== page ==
Roberts, Alan W. (University of Durham) | Hobbs, Richard W. (University of Durham) | Goldstein, Michael (University of Durham) | Moorkamp, Max (IFM-Geomar) | Heincke, Björn (IFM-Geomar) | Jegen, Marion (IFM-Geomar)
Where several different kinds of geophysical datasets have been acquired from a particular region, each of these can contain valuable information about the Earth, which may not be present in the other datasets. Jointly determining a common model, therefore, often gives a more thorough and more constrained description of the Earth structure than considering each dataset individually. For example, a seismic velocity inversion is only weakly constrained by first arrival seismic refraction data, but considering it alongside Magneto-Telluric (MT) and gravity data can greatly assist in the constraint (Jegen-Kulcsar et al., 2009). Strategies for joint inversion are therefore an active area of research. To date, most schemes for accomplishing this have been deterministic in nature. Using a deterministic technique often means that it is conceptually difficult to include prior beliefs about the system under determination, uncertainties both in measurement and the relationship between the different physical quantities (velocity, resistivity, density), and the discrepancy between the model and the real Earth. Statistical strategies such as MCMC (Markov Chain Monte Carlo) model searches exist for assessing this kind of problem, but the number of potentially computationally expensive forward model runs required to effectively sample the whole model space and thus achieve a meaningful result is normally prohibitively high (> 105), even for simple 1D models, so such schemes are not generally implemented. However, a technique known as emulation is used in various scientific fields eg. cosmology (Vernon and Goldstein, 2009), whereby computationally expensive forward modelling code (a simulator) is approximated by an uncertainty-calibrated computationally cheap function. Here we apply emulation to the problem of stochastic joint model determination.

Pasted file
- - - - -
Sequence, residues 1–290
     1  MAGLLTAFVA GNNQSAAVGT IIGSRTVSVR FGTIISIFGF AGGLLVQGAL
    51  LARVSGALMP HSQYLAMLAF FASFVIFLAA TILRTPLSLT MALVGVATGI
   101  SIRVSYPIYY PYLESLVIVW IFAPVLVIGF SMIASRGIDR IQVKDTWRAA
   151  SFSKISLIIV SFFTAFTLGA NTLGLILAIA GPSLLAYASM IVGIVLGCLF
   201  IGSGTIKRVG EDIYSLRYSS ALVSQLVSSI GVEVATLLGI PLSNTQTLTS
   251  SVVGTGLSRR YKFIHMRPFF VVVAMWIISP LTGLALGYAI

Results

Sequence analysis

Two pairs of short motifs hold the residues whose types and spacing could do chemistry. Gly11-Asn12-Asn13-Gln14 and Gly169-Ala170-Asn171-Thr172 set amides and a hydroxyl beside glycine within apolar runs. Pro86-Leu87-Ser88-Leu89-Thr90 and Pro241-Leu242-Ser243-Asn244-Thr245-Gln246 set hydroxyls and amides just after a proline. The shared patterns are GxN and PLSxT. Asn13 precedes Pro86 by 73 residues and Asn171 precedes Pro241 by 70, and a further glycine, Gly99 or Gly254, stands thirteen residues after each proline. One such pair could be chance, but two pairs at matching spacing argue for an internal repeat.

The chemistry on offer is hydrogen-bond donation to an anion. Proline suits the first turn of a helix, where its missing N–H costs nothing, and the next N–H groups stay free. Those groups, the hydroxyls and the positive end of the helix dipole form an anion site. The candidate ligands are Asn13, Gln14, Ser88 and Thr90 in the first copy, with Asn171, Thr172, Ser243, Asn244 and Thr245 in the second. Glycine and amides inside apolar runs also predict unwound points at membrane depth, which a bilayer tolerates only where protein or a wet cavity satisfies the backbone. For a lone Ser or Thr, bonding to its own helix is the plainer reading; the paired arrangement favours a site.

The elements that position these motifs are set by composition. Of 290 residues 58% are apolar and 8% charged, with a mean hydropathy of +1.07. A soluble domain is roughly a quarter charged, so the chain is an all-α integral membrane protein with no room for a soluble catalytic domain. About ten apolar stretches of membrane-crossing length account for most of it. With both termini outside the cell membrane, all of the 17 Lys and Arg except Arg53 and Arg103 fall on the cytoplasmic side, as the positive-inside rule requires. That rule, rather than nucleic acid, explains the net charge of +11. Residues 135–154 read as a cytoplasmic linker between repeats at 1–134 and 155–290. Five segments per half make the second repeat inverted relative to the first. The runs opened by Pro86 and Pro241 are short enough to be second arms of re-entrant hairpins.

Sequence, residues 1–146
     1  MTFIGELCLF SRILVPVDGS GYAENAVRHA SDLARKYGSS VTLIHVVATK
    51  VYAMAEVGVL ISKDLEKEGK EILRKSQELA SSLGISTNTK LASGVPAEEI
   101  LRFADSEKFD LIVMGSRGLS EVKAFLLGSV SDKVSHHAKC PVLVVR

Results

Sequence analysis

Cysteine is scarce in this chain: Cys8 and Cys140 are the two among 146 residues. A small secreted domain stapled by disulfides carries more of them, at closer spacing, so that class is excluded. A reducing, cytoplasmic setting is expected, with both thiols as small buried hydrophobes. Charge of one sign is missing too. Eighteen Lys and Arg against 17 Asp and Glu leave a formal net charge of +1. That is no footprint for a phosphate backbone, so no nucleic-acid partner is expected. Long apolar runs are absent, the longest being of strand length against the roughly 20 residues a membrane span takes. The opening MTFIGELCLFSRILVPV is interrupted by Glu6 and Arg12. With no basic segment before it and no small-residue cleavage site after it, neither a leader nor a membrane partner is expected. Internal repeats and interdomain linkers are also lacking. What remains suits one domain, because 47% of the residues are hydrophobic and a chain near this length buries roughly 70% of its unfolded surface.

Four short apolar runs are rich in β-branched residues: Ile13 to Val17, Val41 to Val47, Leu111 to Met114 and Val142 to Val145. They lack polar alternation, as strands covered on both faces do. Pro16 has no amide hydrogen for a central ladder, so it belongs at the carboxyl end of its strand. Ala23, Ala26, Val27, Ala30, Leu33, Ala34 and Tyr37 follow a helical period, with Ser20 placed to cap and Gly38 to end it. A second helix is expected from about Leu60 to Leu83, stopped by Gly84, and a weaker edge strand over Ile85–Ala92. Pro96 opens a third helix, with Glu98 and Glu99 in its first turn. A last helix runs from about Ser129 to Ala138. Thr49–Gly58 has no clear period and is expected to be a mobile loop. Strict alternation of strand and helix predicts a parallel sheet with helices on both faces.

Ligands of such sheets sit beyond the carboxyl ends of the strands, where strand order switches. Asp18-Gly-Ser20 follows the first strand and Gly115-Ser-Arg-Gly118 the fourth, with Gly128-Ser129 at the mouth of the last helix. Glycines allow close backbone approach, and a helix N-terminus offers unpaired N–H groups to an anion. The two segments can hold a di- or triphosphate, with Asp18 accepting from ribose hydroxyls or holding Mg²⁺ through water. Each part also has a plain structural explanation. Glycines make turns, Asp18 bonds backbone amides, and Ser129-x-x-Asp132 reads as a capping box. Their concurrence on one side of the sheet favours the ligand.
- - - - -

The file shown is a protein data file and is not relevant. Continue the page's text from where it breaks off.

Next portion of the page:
The main obstacle to carrying out a full Bayesian search over all plausible model space is computational expense, because the time taken to run one forward modelling step for a 3D model can be of order an hour or more. The purpose of an emulator is to use a computationally cheap function to approximate the output of the model simulator for a given set of input parameters. The strategy is to train the emulator using a number of the full forward simulator runs. This is similar to training a neural network. However, in training the emulator we also calibrate how uncertain the emulator is. This is important, particularly because we aim to use it in order to reject implausible model space, and a lack of knowledge about the uncertainty of the emulator would make this task impossible. Our approach is to build an emulator for each of the datasets; travel-time vs offset (t vs x) in the case of refraction seismic, Re(Z) and Im(Z) as a function of frequency (w) in the case of MT, and the gravity field (in the 1D case there is only one point), with the aim of predicting these functions for a given set of input parameters, to within a calibrated uncertainty over a range of model space that encompasses our target model. We use these emulator to identify and reject implausible models.